Private Real Estate Portfolio Management: “Commitment Planning: Liquidity Constraints”

By: Paul Mehlman, Barry Griffiths, Ian Charles, Michelle Creed and Joseph Nasr

We believe there are three key steps to establishing a liquidity constraint in commitment planning:

1)           Define the situations a portfolio should tolerate;

2)           Integrate liquidity constraints in commitment plans; and

3)           Evaluate the portfolio’s liquidity prior to every new commitment

Each investor has a different time horizon, target return and overall portfolio objective.  As a result, each investor will face different circumstances in a crisis scenario.  For purposes of this discussion and to demonstrate the liquidity constraint, we will use a few simple examples that may help guide an investor’s thoughts.

Private Equity Portfolio Management: “Commitment Planning: Finding Alpha”

By: Barry Griffiths and Ian Charles

In this white paper we will discuss some of the evidence that a sub-set of investors are able to harvest positive alpha, even though private equity in aggregate appears to have none. We will also discuss some of the limitations of popular approaches to fund selection, and why so many investors make suboptimal decisions. Rather than leave our audience with more questions than answers, we will discuss a new algorithm for estimating alpha in private equity that takes advantage of the kinds of information that private equity investors typically possess, without requiring information that they cannot know.  Finally, we will demonstrate how this algorithm can be used to measure a limited partner’s ability to find and harvest alpha as well as a general partner’s capacity to create alpha for its investors.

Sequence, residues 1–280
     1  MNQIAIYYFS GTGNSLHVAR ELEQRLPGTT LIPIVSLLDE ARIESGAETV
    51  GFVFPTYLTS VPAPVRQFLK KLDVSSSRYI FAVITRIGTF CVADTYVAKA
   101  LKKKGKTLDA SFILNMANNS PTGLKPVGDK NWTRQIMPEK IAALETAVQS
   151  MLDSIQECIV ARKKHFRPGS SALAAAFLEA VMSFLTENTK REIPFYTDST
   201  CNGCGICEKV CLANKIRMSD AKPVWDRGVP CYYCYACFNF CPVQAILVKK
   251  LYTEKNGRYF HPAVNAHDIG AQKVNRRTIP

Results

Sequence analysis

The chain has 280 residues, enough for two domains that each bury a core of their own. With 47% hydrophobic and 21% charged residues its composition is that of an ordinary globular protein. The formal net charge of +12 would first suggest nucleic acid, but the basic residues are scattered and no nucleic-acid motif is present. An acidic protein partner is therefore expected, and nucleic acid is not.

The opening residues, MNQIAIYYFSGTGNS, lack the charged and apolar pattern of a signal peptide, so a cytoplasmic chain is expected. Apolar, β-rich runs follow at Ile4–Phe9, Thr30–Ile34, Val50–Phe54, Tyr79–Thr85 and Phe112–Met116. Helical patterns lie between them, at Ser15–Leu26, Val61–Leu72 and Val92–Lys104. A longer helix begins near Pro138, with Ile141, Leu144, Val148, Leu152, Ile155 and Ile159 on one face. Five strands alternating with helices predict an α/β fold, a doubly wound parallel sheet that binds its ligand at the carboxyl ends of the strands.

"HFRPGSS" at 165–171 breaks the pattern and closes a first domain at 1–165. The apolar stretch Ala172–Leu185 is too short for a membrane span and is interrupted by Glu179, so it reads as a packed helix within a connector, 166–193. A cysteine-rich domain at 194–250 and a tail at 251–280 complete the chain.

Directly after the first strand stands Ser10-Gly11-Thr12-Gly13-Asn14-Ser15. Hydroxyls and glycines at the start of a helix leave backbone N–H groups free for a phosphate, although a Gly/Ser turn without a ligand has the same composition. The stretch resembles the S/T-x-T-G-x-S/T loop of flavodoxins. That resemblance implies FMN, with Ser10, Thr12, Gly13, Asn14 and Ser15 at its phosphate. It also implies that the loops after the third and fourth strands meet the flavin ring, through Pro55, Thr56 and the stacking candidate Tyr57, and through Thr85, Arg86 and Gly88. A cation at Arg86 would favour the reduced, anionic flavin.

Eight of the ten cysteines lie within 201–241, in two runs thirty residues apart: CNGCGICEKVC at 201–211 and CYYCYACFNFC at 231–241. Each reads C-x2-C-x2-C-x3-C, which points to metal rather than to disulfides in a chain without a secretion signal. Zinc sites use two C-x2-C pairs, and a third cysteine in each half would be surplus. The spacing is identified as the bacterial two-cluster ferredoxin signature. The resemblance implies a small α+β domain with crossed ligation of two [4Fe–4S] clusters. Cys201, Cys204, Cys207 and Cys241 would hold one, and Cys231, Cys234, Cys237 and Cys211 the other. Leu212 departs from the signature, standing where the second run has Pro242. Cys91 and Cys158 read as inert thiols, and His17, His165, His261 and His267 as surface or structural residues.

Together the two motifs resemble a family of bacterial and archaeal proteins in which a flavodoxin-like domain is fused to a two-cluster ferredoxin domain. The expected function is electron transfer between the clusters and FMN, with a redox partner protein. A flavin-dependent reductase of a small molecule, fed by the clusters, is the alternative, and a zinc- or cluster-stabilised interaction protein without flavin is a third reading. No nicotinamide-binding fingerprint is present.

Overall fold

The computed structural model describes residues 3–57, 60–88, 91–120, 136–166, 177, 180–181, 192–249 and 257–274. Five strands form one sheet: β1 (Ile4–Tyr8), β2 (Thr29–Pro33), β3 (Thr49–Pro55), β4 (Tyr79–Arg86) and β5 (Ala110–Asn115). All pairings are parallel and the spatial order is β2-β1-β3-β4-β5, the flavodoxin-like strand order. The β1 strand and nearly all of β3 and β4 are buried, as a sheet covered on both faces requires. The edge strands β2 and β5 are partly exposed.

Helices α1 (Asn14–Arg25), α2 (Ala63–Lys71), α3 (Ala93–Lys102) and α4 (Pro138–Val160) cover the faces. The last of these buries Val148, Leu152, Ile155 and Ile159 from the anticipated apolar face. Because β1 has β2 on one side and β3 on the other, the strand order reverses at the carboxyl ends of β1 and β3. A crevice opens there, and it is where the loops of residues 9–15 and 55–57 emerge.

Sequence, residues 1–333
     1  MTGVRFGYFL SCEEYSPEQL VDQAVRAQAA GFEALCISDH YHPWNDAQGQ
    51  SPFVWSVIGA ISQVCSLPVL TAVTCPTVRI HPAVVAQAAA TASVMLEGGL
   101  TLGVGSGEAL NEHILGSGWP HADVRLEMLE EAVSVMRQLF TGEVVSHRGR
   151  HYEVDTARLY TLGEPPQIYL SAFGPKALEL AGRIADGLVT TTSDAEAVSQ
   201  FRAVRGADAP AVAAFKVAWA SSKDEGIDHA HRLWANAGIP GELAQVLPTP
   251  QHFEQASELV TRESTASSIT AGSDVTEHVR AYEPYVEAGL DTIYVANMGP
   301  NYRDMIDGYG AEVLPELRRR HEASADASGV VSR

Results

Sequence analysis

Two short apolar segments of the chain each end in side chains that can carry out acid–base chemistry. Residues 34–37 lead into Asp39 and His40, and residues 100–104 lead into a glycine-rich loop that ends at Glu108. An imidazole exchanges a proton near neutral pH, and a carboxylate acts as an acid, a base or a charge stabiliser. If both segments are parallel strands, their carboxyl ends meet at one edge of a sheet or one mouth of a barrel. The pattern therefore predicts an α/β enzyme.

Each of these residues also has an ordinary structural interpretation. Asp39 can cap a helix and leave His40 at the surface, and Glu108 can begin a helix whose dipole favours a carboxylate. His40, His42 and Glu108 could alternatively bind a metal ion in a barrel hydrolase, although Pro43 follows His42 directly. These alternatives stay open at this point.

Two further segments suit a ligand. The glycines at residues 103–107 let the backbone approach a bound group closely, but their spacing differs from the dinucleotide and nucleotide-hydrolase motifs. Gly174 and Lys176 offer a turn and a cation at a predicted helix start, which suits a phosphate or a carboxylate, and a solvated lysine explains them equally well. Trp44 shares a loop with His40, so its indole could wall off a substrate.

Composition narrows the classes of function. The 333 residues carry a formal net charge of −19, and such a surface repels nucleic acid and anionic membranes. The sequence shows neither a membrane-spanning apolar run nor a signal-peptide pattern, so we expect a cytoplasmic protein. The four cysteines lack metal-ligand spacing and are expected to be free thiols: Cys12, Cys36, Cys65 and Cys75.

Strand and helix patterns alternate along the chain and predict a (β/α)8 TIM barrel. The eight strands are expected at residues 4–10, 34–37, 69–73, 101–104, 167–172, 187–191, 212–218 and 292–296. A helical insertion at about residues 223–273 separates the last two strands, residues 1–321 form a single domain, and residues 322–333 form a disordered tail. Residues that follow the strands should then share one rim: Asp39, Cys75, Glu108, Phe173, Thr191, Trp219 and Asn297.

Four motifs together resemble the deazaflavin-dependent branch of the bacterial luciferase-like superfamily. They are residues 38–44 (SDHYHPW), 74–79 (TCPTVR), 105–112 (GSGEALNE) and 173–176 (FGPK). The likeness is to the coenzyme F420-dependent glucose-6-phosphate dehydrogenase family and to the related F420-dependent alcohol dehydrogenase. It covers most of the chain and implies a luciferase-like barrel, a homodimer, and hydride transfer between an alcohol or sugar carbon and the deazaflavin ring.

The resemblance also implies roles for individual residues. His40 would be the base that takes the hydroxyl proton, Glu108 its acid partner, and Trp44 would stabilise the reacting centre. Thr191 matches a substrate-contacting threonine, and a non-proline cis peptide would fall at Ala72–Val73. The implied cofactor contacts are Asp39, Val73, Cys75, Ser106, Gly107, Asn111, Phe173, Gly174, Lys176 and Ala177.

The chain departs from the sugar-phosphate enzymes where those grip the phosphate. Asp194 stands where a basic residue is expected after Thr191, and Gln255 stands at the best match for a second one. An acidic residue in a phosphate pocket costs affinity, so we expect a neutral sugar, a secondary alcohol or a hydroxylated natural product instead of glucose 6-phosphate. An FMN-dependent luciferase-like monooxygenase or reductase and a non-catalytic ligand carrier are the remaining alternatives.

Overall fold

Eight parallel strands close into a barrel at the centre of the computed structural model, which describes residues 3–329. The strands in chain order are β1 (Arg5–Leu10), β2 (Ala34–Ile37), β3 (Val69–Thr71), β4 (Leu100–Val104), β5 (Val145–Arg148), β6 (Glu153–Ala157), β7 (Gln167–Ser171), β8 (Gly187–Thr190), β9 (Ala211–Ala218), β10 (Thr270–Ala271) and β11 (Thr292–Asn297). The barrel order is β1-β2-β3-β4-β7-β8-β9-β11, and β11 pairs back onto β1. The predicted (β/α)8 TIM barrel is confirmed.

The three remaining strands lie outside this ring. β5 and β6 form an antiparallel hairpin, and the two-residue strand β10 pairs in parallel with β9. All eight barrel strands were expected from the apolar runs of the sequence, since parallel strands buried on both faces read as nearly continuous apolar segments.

Using this new tool for estimating alpha, private equity investors can improve their fund commitment process. Some investors might even come to the conclusion that their current process hasn’t actually captured any alpha, which would likely lead to an entirely different conversation. We think that this tool can be a valuable part of an informed investor’s due diligence process and have incorporated it into Landmark’s LP Analytics Toolkit.

Private Equity Portfolio Management: “Commitment Planning: Liquidity Constraints”

By: Barry Griffiths, Ian Charles and Joseph Nasr

During interactions with leading institutional investors, many of whom were battered by the Great Equity Meltdown, we noticed an increased focus on liquidity - what it means, how much is needed and how to avoid future illiquid situations. Before 2010, most investors used a variety of asset allocation models to optimize exposure to various asset classes in order to generate some expected rate of return or to maximize returns given an expected risk budget. One common theme we’ve seen is that some investors made very large commitments to private equity and other illiquids, because they viewed these investments as an opportunity to generate high returns and diversify their portfolios. Unfortunately, their commitments were made in absolute dollars, and when the value of their overall portfolio fell substantially (as many did in 2008 and early 2009) the undrawn portion of their commitments represented an unexpectedly large fraction of their overall portfolio value.  In some cases, investors found that there was a real risk that they would not have sufficient liquidity to pay their undrawn capital as it was called and generate the portfolio income required to meet other organizational objectives. For a variety of reasons, certain types of investors are naturally more exposed to these liquidity shocks than others and, as a result, need to assess their liquidity situation throughout the commitment planning process.